Tag Archives: #WhyIWrite

National Day on Writing

Today, October 20, is the National Day on Writing, a day championed by the National Council of Teachers of English to honor the role written words play in our lives.

If you tweet about it, the sponsors suggest using the hashtag #WhyIWrite write-2400px

For many of us, every day is, or we wish it would be, the day for writing. But not often do words get national attention, so, hey, let’s celebrate!

I found out about this day at my very first visit to the Tucson Writers’ Table. Writers get together and write in silence for two hours, no chatting. Another writer teaches at the University and mentioned it. The official hashtag (#WhyIWrite) prompted me to think about why I write.

Many writers say they have always known they were writers; that they must write. If that is true for me, why then did I need to come to The Writers’ Table to force myself to write for two hours? I am hoping that taking this weekly time will help me achieve focus when I’m away from the group; will help me at the very least get started on a few projects I’ve been pondering but have yet to commit to words.

Because, despite blithely professing, “Oh, I’ve always known I’d be a writer, can’t help but write,” few people accomplish the productivity and creativity that statement suggests. Even those born writers encounter blank pages, are interrupted by the responsibilities of daily life, or simply lose their direction and impetus in writing.

At a recent meeting of Tucson Sisters in Crime, two speakers focused on what keeps us from writing and ways to overcome those obstacles. One helped us probe and approach our fears in general and our fears about writing (and how writing what we most fear can strengthen our words); the other provided hints for achieving writing (and life) goals and getting into the “flow,” of our activities, whatever they are. In regard to flow, she cited Mihaly Csikszentmihalyi, who contributed pioneering work to our understanding of happiness, creativity, human fulfillment and the notion of “flow” — a state of heightened focus and immersion in activities such as art, play and work.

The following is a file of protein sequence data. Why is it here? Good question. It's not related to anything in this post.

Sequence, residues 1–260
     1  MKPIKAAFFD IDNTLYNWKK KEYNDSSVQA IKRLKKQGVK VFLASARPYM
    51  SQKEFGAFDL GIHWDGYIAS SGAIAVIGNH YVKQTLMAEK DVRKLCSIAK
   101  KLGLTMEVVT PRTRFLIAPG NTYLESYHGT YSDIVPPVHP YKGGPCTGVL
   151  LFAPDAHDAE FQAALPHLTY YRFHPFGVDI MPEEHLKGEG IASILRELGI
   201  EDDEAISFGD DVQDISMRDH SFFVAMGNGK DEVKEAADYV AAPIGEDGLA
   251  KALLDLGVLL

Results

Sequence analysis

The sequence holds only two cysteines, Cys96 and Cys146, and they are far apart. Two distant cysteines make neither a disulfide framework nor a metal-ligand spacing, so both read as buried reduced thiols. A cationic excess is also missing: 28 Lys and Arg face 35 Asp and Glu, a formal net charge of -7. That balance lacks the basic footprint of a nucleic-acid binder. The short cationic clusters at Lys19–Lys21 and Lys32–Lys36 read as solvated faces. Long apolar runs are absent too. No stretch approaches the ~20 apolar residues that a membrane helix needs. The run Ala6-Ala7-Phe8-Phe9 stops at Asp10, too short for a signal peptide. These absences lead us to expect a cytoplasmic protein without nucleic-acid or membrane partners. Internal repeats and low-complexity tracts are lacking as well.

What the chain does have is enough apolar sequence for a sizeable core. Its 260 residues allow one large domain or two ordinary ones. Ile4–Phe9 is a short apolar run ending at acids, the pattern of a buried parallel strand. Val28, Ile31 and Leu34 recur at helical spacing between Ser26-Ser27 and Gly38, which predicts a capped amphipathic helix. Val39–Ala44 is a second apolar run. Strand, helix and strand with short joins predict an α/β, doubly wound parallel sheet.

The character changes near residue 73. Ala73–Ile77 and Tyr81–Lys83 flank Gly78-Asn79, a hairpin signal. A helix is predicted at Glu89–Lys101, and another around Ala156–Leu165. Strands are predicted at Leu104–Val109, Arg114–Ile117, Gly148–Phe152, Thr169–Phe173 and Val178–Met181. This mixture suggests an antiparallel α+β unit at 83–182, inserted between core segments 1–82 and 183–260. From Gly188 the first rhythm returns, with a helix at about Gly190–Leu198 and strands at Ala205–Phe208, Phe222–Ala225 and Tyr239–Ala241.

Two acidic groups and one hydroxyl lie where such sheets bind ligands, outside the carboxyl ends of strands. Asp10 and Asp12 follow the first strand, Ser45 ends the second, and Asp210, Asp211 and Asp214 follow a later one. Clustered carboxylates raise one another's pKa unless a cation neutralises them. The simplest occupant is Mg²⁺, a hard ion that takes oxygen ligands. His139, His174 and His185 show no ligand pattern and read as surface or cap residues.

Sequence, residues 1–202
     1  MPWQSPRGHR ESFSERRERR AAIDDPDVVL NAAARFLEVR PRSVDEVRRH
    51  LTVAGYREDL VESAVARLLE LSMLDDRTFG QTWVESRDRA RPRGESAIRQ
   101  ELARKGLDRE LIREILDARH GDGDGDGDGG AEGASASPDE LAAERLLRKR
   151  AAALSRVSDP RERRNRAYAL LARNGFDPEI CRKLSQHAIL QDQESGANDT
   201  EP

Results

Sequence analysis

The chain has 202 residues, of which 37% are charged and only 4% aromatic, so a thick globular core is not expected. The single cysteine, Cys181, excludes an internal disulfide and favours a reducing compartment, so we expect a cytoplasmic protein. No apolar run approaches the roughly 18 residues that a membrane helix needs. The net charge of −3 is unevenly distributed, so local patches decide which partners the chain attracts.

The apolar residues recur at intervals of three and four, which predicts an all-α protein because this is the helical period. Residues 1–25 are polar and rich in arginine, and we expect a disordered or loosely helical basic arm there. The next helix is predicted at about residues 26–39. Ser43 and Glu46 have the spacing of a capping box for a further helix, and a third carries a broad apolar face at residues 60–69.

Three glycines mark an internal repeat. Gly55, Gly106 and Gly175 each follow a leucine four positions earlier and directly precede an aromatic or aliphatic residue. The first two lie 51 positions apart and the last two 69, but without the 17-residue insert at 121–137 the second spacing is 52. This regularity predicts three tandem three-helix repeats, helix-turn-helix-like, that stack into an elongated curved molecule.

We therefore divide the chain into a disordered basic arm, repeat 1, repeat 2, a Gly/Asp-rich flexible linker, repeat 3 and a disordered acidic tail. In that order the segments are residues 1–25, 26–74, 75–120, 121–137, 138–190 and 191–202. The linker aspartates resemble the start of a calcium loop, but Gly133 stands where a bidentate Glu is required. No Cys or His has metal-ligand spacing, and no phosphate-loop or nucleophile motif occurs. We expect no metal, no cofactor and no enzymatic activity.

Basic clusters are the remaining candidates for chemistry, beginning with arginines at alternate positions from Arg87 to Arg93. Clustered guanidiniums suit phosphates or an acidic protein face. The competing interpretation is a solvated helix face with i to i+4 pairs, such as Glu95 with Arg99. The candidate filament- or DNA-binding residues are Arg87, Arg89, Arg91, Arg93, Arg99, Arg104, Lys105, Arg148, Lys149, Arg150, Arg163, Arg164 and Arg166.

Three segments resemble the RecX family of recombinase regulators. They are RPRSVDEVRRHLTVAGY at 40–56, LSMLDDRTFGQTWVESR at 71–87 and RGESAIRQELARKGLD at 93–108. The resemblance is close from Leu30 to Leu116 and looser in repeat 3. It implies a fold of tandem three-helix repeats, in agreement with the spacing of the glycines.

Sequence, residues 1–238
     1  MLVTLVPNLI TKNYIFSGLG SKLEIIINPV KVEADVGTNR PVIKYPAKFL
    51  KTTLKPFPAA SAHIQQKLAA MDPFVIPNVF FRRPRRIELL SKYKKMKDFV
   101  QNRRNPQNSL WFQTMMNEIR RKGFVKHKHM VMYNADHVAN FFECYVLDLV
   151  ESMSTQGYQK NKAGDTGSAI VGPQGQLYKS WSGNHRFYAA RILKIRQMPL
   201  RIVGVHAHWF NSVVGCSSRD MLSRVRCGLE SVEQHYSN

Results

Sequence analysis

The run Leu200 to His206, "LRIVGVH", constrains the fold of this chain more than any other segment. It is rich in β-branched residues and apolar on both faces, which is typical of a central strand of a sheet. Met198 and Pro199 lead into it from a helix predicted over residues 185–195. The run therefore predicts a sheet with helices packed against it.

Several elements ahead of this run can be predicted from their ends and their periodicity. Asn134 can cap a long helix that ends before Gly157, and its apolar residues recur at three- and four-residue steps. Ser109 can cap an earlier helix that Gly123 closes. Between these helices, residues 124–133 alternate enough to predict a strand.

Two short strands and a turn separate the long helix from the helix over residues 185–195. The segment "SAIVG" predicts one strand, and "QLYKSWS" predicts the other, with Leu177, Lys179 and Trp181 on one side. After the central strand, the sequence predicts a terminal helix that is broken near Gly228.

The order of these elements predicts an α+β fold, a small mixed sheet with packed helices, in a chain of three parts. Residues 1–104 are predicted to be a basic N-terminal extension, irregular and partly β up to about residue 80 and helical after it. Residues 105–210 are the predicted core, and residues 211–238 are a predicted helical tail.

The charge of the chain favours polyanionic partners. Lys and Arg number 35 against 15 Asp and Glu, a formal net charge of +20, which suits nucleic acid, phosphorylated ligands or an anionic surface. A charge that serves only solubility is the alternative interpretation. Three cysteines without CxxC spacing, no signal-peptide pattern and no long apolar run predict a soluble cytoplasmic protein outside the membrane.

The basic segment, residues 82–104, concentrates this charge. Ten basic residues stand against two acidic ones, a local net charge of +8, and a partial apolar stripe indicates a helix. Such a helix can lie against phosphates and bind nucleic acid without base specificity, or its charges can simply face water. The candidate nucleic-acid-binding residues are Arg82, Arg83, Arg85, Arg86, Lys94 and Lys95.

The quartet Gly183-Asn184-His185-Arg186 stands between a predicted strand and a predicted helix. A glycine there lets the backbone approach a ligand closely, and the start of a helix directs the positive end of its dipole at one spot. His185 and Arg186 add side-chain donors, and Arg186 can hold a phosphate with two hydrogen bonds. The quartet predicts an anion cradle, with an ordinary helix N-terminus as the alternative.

I can recall times when I’ve been in flow when writing: when I lose track of time, ignore distractions, and generate lots of words. Sometimes those words evoke tears or laughter. Ideas come to me as gifts instead of hard sought. Those times of flow are too rare for me, so I’m hoping my time at The Writers’ Table with a group of focused writers will help me find it more easily.

Book5Back to why I write: I love words and have enough ego to think others might enjoy the way I use them. I love lying with impunity. Writing about offbeat characters and their misadventures gives me a chance to explore behaviors the good girl in me won’t allow in real life. Because I was blessed with parents who read and who read to me and who loved words, I grew up with a love of reading and an ability to articulate my thoughts.

Silly me. I thought that’s all I needed to write great fiction: a facility with words and a few ideas. I’ve found learning the craft of writing novels and stories a lot harder than I ever imagined. Yet still I continue. I think one reason is the joy of getting into “flow.” Another is the desire to improve. I won’t ever be a great distance runner or a professional tennis player, but with hard work and practice, I might turn my love of words and story-telling into some passable writing.

Maybe it’s like parenthood. Women can give birth to children, with assistance from men or science, but parenting those children well takes dedication, practice, hard work, patience and wisdom, and arguably an innate propensity or talent for parenting.

Okay, celebrate the role words have in your life. And share with me why you write! It’s our day.